'She was the best soldier': Friends and family speak of 31-year-old's passion for the Army after her sudden death
A Sunderland soldier who became one of the few women to lead part of an artillery regiment has died suddenly aged 31.
Bombardier Nadine Dorothy Askew signed up after leaving Castle View Enterprise Academy, ready to travel the world and dedicate her life to the Army.
Known as Skew or Dotty, she completed a tour of Iraq, two of Afghanistan and joined peacekeeping duties in Estonia, first serving in the 26th Regiment Royal Artillery, 16 Sandhams Battery, before becoming a phase 2 instructor, training recruits on an AS-90 armoured vehicle with the 1 Royal Horse Artillery (1RHA).
Three weeks ago, she joined a Queen’s gun salute in Edinburgh, with her role making her one of the few women be in command of the gun.
Her funeral, on Wednesday, August 18, at Holy Trinity Church in Southwick, will be a full Army service and include a gun salute and Last Post, while her casket will be decorated with the Union Flag, while her two regimental flags will also feature.
The black horses pulling her carriage will be decorated in blue and yellow, her regimental colours.
It will leave her family home followed by her relations, friends and her beloved Spanish hound Sasha, with the ashes of her springer spaniel Jessie, who died while she was in Afghanistan, to be buried with her in a private ceremony following the service.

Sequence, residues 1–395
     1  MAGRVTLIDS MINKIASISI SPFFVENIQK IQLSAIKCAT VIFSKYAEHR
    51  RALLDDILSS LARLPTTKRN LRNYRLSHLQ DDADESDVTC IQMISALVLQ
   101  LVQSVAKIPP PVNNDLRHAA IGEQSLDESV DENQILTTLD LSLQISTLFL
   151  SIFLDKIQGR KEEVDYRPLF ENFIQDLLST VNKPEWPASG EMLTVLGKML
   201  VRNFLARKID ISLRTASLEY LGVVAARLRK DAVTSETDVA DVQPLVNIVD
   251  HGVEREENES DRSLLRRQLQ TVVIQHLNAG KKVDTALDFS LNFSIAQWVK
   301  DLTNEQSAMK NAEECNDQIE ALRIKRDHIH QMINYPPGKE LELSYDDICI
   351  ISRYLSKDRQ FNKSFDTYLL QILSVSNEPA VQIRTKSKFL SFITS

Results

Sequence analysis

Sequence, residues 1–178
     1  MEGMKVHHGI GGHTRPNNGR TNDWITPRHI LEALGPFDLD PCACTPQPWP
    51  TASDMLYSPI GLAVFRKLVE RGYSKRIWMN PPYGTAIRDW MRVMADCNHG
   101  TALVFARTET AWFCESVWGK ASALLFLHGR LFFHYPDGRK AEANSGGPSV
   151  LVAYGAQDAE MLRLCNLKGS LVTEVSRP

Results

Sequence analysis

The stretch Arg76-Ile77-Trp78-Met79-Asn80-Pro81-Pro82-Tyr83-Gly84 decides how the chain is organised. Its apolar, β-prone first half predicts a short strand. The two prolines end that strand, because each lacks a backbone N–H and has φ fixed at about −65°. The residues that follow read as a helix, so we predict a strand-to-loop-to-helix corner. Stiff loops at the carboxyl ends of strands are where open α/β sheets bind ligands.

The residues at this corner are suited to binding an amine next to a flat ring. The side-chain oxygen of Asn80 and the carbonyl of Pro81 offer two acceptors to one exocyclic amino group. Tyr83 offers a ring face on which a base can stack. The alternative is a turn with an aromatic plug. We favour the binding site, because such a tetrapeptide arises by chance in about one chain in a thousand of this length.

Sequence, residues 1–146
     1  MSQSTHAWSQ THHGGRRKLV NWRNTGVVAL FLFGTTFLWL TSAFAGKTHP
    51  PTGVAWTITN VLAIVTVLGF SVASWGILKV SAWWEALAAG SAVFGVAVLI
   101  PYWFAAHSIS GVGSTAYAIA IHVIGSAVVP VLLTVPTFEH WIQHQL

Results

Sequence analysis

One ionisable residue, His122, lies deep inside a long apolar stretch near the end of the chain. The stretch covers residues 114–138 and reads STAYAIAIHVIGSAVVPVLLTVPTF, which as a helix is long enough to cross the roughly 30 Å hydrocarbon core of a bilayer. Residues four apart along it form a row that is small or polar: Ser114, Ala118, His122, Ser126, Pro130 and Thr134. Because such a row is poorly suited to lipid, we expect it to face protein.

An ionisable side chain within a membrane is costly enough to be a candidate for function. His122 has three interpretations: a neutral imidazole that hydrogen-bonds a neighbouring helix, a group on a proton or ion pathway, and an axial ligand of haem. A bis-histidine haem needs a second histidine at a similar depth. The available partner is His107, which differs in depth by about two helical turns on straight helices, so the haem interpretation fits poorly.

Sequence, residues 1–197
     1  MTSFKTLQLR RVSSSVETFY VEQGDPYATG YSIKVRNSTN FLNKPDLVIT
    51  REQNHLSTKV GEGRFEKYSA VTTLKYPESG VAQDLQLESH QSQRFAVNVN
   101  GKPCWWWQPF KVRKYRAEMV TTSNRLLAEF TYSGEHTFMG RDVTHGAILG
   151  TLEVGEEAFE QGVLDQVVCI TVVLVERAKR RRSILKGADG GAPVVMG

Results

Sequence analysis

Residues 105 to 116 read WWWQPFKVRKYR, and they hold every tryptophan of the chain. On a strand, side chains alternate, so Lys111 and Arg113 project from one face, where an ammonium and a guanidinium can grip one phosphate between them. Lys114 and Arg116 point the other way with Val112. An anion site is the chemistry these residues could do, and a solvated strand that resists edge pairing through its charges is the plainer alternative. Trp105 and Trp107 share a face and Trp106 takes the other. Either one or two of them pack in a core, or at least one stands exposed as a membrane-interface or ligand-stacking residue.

She leaves mum Amanda, 54, stepdad Malcolm Johnston, 60, brothers Ross, 33, who also served in 1RHA, and Gareth, 25, and Ross’s children Ellie, eight, and Jack, two.
Amanda said: “She was loved, she was cherished, she had a heart of gold and if there was any trouble, she would deal anybody out.
"She had two families, she had us and she had her girls, her Army friends, and they were great friends and looked after each other.
"She will be terribly missed.”
Amanda and Malcolm have thanked those who have sent flowers and messages as well as those who offered support during Nadine’s career, including Amanda’s catering colleagues at Sunderland Royal, who packed up boxes of treats and supplies for her regiment while in Afghanistan.
Nadine’s friends Amara Cummerson, 24, Hannah Briers, 30, and Sammie Preece, 29, have visited Sunderland to spend time with Amanda and described how their loyal and loving friend was happiest when she was in the back of her armoured vehicle, covered in dirt and leading her team.
She had a sense of adventure and spontaneity which took them on trips across Europe in her campervan with Sasha, while Nadine had recently passed her motorcycle test.
They said: “She lived for her job, and we would say she was the best soldier.
"She was a very robust, resilient, and the people she took on who were new to the regiment were just as good as those who had been there for years, she made them that way.”
Nadine died suddenly at her barracks in Larkhill, near Salisbury, on Thursday, July 22.
An Army spokesperson said its thoughts were with her family and was respecting their right to privacy at this sad time.
They added: “It is the coroner's role to determine cause of death and it would be highly inappropriate to speculate.”
The funeral plans are being supported by Sunderland’s Tony Clarke Funeral Directors.